Sonoff-Tasmota and ESPurna are the two main open source firmware used in home automation devices, such as Sonoff wireless switches, based on Espressif ESP8266 WiSoC. Xose Pérez – aka Tinkerman – has recently purchased “dumb” power meters / kill-a-watt meters, added WiFi to them with ESP-01 module and Wemos D1 mini board, and implemented support in ESPurna firmware leveraging earlier reverse-engineering work by Karl Hagström.
The power meter above looks exactly like the one I’ve been using for review for over two years, and has been more more reliable than other models, such as Broadlink SP2 (with built-in WiFi) that gave up on me after a few months.
Xose actually noticed that old and newer models of the power meters were based on different solutions. Karl’s meter relied on ECH1560, while Xose’s new meter was instead based on Vango V9261F, which has a public datasheet, and was already being worked on by Domoticz community.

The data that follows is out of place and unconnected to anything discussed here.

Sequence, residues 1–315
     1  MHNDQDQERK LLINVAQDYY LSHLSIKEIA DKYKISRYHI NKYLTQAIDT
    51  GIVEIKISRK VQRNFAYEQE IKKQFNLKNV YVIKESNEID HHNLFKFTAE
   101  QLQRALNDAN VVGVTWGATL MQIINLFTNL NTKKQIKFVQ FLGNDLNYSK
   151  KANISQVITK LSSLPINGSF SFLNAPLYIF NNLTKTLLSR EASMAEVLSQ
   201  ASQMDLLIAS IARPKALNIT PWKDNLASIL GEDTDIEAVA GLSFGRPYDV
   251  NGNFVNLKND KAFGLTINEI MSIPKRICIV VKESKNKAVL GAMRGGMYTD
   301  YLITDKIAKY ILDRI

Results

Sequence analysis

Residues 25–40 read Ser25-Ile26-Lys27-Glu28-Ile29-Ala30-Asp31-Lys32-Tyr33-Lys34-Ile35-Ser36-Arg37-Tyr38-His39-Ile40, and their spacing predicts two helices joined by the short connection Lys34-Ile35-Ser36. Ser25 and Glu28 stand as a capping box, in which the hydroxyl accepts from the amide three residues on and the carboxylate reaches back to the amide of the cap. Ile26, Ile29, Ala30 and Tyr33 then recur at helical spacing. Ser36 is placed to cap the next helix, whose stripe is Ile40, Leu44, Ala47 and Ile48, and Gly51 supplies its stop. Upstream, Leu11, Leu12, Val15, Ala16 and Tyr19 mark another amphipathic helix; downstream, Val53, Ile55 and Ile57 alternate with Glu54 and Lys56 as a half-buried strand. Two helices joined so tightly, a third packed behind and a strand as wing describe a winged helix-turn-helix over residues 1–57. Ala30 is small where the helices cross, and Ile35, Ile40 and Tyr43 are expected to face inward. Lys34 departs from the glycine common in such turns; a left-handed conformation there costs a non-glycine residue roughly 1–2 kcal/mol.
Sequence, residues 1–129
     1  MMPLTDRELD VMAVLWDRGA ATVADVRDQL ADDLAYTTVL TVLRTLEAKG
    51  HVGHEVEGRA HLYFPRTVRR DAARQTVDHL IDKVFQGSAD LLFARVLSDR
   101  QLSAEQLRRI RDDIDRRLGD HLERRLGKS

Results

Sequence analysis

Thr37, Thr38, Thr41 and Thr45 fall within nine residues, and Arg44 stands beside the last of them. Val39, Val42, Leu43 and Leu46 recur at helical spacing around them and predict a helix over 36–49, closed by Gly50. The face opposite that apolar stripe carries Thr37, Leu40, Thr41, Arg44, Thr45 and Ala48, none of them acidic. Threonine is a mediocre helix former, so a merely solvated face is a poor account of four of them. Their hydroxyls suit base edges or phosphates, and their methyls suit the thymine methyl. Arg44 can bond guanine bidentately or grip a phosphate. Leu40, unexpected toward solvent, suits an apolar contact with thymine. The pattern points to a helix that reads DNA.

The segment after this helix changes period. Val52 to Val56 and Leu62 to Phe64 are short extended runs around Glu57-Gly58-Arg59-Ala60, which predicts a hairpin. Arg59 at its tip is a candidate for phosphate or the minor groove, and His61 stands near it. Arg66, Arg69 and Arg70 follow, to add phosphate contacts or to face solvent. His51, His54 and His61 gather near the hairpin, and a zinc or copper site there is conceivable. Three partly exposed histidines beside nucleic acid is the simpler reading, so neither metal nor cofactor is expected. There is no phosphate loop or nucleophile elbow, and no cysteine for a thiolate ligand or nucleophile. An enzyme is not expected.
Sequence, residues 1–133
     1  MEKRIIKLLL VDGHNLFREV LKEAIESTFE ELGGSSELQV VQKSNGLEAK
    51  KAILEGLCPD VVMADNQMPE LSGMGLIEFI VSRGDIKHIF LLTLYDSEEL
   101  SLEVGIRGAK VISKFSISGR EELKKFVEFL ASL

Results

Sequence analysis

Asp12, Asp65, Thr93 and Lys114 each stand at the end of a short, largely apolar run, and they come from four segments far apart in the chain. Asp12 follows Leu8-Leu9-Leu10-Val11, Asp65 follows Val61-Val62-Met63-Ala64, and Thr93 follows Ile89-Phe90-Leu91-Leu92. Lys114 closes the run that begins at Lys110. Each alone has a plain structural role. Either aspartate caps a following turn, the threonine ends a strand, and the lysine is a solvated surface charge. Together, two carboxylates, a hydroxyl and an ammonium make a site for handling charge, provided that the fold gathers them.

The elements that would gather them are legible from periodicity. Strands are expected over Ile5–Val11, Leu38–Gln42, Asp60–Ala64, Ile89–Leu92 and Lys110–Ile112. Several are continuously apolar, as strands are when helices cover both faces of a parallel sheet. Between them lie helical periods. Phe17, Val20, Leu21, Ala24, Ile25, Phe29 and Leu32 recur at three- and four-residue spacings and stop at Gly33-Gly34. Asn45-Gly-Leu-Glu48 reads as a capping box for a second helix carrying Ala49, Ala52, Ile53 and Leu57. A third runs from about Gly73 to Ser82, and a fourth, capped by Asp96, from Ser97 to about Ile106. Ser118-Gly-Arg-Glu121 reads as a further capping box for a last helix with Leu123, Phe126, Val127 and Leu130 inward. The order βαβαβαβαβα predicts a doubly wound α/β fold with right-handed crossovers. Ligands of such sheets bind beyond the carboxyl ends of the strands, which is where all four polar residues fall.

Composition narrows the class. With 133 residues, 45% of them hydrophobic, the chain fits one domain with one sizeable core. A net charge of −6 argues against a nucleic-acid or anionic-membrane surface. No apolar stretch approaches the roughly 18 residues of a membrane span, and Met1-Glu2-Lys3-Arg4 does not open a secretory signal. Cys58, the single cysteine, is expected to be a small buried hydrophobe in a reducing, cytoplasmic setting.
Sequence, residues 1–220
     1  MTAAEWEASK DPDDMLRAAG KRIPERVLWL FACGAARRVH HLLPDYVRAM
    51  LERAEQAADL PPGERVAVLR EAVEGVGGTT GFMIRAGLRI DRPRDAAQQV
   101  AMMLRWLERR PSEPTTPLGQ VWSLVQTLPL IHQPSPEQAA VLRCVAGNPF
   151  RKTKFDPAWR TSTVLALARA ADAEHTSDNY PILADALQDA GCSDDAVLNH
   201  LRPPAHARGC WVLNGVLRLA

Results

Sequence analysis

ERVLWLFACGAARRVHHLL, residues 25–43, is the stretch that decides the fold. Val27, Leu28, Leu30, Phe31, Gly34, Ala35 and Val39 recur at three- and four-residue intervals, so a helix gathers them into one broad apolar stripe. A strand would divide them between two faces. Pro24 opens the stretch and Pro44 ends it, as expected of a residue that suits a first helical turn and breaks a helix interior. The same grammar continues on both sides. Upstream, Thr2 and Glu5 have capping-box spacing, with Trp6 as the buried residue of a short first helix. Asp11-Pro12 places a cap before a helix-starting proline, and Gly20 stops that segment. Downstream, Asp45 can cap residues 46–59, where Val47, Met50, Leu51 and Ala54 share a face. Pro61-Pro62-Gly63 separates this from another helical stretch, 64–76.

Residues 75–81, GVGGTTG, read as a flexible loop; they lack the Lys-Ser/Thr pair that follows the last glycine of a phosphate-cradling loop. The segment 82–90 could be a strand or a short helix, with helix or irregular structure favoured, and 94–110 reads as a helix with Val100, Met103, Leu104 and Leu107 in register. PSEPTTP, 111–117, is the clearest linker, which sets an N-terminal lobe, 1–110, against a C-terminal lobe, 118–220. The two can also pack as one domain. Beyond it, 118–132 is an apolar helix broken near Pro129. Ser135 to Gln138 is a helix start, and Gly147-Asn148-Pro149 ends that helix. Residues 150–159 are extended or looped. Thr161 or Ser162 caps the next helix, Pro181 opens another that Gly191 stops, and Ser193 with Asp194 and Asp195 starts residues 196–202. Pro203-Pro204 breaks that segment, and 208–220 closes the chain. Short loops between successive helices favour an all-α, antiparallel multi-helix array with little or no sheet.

While he connect ESP-01 to one of the meter, he found Wemos D1 mini was much easier to connect thanks to a built-in 5V support. He still had to include a Hilink AC to 5V DC power supply module, a baseboard for the Wemos board with an optocoupler and resistor. Finally (not shown in pictures), he hot-glued all cabling to make sure nothing move, and that’s important as you don’t want anything bad happens with AC voltages…
The power meter can then be calibrated and configure in ESPurna user interface, and you can also handle the data through MQTT, Domoticz, a REST API, and/or Home Assistant. Support for V9261F has been implemented and tested, but while the older ECH1560 solutions have been implemented, they have yet to be tested.
The power meter can be purchased for about $12 and up on eBay or Aliexpress, ESPurna firmware on BitBucket.
Jean-Luc started CNX Software in 2010 as a part-time endeavor, before quitting his job as a software engineering manager, and starting to write daily news, and reviews full time later in 2011.